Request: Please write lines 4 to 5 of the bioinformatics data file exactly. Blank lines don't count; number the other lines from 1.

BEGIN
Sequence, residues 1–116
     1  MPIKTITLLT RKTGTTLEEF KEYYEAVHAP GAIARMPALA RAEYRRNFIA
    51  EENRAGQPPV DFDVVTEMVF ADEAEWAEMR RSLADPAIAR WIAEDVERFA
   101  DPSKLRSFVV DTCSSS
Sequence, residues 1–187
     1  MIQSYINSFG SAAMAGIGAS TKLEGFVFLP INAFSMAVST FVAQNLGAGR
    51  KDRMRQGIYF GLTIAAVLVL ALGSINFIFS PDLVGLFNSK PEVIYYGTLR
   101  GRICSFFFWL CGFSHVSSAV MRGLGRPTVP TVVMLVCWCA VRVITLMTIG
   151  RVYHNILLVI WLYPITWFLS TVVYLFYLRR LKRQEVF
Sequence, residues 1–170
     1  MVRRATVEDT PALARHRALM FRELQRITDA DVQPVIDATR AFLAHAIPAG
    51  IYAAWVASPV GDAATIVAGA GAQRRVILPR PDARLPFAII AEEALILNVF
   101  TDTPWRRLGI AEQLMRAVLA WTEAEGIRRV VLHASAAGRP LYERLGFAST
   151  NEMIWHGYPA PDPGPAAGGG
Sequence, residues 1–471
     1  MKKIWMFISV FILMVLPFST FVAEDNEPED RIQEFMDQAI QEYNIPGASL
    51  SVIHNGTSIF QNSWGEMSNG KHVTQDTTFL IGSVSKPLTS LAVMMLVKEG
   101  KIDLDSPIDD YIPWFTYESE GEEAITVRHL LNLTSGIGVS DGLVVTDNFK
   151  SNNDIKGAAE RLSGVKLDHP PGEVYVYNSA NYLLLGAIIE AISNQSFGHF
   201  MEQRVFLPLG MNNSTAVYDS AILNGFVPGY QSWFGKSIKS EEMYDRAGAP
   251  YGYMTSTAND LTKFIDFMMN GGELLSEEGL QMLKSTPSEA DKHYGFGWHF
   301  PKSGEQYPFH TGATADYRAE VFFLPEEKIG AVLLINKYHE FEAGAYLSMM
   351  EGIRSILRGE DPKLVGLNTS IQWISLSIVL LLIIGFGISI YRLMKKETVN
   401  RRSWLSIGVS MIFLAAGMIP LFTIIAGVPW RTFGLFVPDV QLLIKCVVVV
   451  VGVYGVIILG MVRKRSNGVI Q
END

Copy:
   101  DPSKLRSFVV DTCSSS
Sequence, residues 1–187